Following Thursday’s better than expected non-farm payroll report combined with bullish talk across the Atlantic from ECB President Mario Draghi about the European Central Bank’s willingness to use “unconventional measures” to fight low inflation, the Dow and the S&P 500 reached all time new highs on Thursday afternoon during a shortened holiday week.
The Dow settled to a new high of 17,068 and the S&P 500 climbed to 1,985 before the closing bell.
The Nasdaq closed at 4,486 on Thursday and remains within striking distance of 4,572, an all time record reached in January 2000.
The week ahead will see the market preparing for corporate earnings season in the U.S. with Alcoa kicking off earnings season on Tuesday followed by the release of Fed minutes on Wednesday.
According to Reuters, Wall St. is forecasting earnings to rise 6.1 percent during the second quarter of 2014 from companies in the S&P 500.
Economists from Bloomberg expect earnings from companies in the S&P 500 to grow around 5.2 percent during the second quarter of 2014.
Factset estimates earnings growth of 4.9 percent during the second quarter of 2014 with 84 companies issuing negative EPS guidance and 27 companies issuing positive EPS guidance.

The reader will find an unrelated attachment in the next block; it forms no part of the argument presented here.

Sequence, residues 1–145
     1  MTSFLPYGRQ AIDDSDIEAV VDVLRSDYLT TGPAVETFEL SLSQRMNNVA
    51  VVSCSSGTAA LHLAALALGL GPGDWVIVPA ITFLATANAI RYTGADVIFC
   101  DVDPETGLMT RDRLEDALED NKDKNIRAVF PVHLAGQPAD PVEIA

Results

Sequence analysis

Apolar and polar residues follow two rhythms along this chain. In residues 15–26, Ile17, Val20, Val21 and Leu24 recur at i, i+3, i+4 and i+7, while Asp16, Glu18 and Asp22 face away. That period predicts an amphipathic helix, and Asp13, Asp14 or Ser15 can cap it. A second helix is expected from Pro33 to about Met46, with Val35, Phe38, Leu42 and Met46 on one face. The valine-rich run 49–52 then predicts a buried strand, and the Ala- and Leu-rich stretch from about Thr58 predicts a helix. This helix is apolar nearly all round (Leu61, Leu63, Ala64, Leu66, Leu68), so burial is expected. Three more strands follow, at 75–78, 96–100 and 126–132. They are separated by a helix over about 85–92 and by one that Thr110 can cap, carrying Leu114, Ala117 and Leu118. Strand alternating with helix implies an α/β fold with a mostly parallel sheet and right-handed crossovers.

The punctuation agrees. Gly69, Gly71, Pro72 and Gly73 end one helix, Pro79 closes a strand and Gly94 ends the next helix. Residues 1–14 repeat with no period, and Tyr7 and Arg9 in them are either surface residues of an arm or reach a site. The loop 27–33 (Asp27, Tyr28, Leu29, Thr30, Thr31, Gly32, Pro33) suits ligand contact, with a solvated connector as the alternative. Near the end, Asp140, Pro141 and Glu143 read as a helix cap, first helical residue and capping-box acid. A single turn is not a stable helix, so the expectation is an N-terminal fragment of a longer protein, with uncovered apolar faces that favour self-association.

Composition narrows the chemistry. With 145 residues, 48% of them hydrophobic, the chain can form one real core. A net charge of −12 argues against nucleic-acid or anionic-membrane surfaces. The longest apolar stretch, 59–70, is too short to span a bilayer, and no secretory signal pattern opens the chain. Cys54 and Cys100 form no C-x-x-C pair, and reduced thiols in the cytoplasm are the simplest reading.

Factset reports the telecom service sector is expected to show the highest earnings growth for the quarter in contrast to the financial sector which is expected to show the lowest earnings growth for the quarter by sector.
After ECB President Mario Draghi’s latest signal to use “unconventional measures” including the purchase of large scale assets to fight disinflation in the 18 member euro-area bloc along with positive U.S. economic data arriving each week showing the U.S. economic recovery is firmly intact after a shaky first quarter start in 2014, investors are watching for any major changes with U.S. monetary policy, most notably when the U.S. Federal Reserve will begin raising short term interest rates with the their federal funds rate which remains at a historic low of .25 percent since the recession in 2008.
Since the U.S. unemployment rate has already fallen to 6.1 percent, ahead of the Fed’s forecast, some economists are expecting the Federal Reserve to begin raising short term interest rates sooner than expected in 2015.
JP Morgan’s Mike Feroli believes that after a strong June non-farm payroll report, the Federal Reserve could begin tightening interest rates as early as Q2 in 2015.
“Indeed, after today’s’ report a Q2 tightening seems plausible. If the unemployment rate continues the recent surprising pace of descent such a move is even likely; nonetheless, we hope and believe better productivity and labor supply outcomes will slow the pace of decline in unemployment in coming quarters” Feroli recently wrote to clients.
“We are pulling forward our projection for Fed tightening (the first time we have done so in recent memory); we now see lift-off occurring in 15Q3, rather than 15Q4. For year-end 2015 we see the funds rate at 1.0%, for 2016 2.5%, and for 2017 3.5%.” Feroli added.